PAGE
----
On Sunday, 17 April 2011, Red Shirts went to Samranrat Police Station, around the corner from Lan Kon Mueang, to accompany their leaders to file a counter case against Army Chief Prayud Chana-ocha, who filed there a lese majeste case against several Red Shirt leaders for their speeches on their Democracy Monument stage on 10 April. I arrived just before lunch.

Several hundred Red Shirts were already there, but blocked by police from entering the Soi. Inside the Soi, just in front of the police station about 200 to 300 “Monarchy Protection Volunteers” were protesting. Most of them were dressed in pink. They held portraits of the King and the Queen, and sung royalist songs. Soon the volunteers withdrew to Lan Kon Muang, making way for the Red Shirts. The Monarchy Protection Volunteers announced their demands: the protection of the monarchy, to sponsor democracy, to keep the lese majeste laws in place, to call on people to protect the monarchy, and to ask journalists and the people to protect the monarchy. The name of their group was “Sahaphan Khon Thai Pok Bong Sathaban” (Federation of Thais Protecting the Monarchy), and their leader Rachen Trakulwieng claimed that they came from local Monarchy Protection Volunteer groups of several districts.

The Red Shirts now waited for their leaders in front of the Police station, a few Red Shirts stood at the corner just opposite the Protection Volunteers, together with a few police officers. In the Police Station a few members of Dr. Tul’s group filed another lese majeste case against the Red Shirt leaders.

They said that they just have heard of the Monarchy Protection Volunteers’ plan, and decided to join. When the Red Shirt leaders — Jatuporn Prompan, Rambo Isaarn, Dr. Weng Tojirakarn, and Udon MP Wichien Khaokham — arrived all of us journalists cramped into the small room in the police station. Police Major General Amnuay Nimmano greeted the Red Shirt leaders, and Jatuporn read his statement to both police and the media, mentioning Wikileaks, and also warning that a similar situation to 6 October 1976 may be being engineered. The media was asked to leave while the case was filed, and one Red Shirt journalist told me that a conflict between Red Shirts and Monarchy Protection Volunteers was building up just down the road.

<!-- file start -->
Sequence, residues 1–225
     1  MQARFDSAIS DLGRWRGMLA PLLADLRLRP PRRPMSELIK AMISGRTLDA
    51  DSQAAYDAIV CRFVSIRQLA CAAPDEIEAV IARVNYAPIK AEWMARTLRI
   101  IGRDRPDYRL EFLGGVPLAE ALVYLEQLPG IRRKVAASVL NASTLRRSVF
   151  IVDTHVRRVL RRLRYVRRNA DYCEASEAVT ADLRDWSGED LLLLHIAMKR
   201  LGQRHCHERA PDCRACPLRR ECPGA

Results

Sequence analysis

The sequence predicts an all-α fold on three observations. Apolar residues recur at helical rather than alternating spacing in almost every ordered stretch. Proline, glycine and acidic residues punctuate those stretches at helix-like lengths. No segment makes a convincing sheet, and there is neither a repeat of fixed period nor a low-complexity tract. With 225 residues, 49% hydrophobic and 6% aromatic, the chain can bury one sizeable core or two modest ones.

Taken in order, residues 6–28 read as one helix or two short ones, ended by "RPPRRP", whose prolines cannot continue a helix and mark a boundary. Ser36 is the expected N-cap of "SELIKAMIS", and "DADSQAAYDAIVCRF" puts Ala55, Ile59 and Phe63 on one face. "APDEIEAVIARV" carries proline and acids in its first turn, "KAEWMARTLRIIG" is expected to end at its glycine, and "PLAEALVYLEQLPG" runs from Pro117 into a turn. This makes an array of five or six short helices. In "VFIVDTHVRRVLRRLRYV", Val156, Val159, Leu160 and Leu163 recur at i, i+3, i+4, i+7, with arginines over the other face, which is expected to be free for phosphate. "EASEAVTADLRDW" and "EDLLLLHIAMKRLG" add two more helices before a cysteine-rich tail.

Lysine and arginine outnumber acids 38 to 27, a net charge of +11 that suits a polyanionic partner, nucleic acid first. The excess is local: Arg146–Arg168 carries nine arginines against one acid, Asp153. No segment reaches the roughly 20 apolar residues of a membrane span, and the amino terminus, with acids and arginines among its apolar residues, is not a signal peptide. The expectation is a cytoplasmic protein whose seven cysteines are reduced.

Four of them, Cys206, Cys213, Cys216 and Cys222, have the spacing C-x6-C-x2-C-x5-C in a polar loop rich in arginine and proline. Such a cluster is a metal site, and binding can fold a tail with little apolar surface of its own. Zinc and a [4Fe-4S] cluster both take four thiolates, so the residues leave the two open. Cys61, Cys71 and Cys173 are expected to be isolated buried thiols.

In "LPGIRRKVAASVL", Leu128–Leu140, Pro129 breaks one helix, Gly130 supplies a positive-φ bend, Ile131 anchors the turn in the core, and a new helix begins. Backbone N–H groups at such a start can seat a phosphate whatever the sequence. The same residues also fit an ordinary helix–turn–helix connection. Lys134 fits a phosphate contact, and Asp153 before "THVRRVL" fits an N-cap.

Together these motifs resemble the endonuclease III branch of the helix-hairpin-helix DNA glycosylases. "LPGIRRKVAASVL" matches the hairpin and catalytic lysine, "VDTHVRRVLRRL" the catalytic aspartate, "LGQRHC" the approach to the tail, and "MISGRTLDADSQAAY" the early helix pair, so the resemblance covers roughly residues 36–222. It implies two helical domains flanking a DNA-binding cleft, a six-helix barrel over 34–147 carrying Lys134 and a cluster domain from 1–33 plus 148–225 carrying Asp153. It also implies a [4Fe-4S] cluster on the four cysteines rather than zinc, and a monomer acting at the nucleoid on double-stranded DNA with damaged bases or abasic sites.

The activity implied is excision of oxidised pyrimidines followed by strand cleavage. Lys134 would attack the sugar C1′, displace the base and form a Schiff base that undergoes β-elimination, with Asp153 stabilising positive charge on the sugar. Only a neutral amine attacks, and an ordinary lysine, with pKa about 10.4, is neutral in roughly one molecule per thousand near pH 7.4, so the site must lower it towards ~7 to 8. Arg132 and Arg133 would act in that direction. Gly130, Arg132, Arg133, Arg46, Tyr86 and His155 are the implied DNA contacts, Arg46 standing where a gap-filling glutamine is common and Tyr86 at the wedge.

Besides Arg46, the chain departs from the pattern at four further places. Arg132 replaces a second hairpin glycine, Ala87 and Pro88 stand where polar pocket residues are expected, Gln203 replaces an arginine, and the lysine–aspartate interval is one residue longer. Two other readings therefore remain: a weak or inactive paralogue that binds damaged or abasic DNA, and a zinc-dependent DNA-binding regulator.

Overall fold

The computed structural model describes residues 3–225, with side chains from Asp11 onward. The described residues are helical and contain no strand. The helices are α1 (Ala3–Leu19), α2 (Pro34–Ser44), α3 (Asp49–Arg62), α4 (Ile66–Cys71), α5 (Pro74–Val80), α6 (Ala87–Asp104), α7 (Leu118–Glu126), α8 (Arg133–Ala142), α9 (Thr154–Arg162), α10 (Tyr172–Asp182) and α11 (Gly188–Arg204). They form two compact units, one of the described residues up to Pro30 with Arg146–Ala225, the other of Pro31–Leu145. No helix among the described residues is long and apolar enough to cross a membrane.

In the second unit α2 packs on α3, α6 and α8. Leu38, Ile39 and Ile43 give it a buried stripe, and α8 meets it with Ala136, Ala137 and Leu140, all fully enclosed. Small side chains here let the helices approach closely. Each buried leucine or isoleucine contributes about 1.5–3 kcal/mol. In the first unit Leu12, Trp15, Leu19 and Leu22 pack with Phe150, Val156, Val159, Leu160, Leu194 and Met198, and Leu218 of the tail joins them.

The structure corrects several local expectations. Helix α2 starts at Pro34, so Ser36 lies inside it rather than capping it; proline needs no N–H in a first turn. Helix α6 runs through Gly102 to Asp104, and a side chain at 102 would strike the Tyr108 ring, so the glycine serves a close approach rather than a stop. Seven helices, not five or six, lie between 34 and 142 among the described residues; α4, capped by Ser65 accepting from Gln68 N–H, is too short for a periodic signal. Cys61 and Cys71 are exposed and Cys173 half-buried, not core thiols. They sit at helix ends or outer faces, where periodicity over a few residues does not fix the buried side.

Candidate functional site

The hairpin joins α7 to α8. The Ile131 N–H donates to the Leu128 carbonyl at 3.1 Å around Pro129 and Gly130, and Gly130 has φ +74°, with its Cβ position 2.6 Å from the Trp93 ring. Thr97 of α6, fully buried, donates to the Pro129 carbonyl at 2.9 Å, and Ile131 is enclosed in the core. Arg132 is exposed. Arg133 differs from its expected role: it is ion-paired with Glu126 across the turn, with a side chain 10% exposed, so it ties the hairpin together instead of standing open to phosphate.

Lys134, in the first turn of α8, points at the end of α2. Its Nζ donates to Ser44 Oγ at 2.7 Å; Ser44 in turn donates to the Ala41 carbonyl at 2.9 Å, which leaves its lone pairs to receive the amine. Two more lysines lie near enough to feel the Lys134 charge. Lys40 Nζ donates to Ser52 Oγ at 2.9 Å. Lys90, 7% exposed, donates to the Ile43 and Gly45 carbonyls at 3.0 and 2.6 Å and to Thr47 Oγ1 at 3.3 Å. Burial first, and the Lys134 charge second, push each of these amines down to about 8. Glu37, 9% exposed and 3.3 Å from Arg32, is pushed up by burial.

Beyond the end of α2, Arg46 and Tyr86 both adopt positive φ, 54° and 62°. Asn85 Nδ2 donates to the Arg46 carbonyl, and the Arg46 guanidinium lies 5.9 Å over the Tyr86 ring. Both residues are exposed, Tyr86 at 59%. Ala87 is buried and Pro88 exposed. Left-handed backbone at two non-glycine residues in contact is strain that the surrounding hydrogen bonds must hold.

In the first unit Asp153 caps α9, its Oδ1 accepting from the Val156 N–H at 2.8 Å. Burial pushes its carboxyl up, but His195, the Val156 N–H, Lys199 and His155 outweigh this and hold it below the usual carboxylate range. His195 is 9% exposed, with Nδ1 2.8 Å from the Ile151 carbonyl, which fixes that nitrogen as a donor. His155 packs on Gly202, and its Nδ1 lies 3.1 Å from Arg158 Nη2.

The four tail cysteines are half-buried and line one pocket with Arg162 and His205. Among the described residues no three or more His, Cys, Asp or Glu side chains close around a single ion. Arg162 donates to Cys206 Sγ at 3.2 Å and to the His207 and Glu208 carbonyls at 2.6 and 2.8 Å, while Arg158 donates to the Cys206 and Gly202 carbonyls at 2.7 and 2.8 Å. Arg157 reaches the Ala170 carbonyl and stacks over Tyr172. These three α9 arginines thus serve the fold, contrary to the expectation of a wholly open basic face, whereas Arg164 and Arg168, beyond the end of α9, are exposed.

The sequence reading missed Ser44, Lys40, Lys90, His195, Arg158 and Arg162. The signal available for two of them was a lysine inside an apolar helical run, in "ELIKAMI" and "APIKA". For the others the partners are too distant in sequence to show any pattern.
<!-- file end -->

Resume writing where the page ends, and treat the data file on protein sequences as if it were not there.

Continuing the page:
When I arrived at Lan Khon Mueng just 200 meters away the two groups were already separated. Police said that mostly a few insults were hurled, a few bottles may have been thrown, but nothing serious happened. The Monarchy Protection Volunteers withdrew further down the road, and soon left. I was very concerned when suddenly a group of people dressed in pink and yellow came out of a temple opposite. They were not part of any group, and I feared that in the heated atmosphere Red Shirts might mistake them for members of the Monarchy Protection Volunteers due to their shirt colours. The group quickly got into city buses and left.

This new group of the Monarchy Protection Volunteers was most definitely not People’s Alliance for Democracy (PAD) and/or their many sub- and splinter groups, other than Dr. Tul’s group, which has joined afterwards. None of the color and professionalism of the PAD events was visible, and none of the regular participants of the PAD were there. Since the PAD protested this time at Government House, both PAD and Red Shirts tried to stay out of each other’s way. The organization of this group reminded me of Interior Ministry sponsored events I have seen previously, also several of the participants might have been soldiers out of uniform.

The situation seems to be heating up considerably again, and may have entered a new stage. What concerns me is the presence by a group in one more color that is supposed to be neutral, making it more difficult again to identify who is part of this group, and who are just normal citizens expressing their love for the King without political affiliation.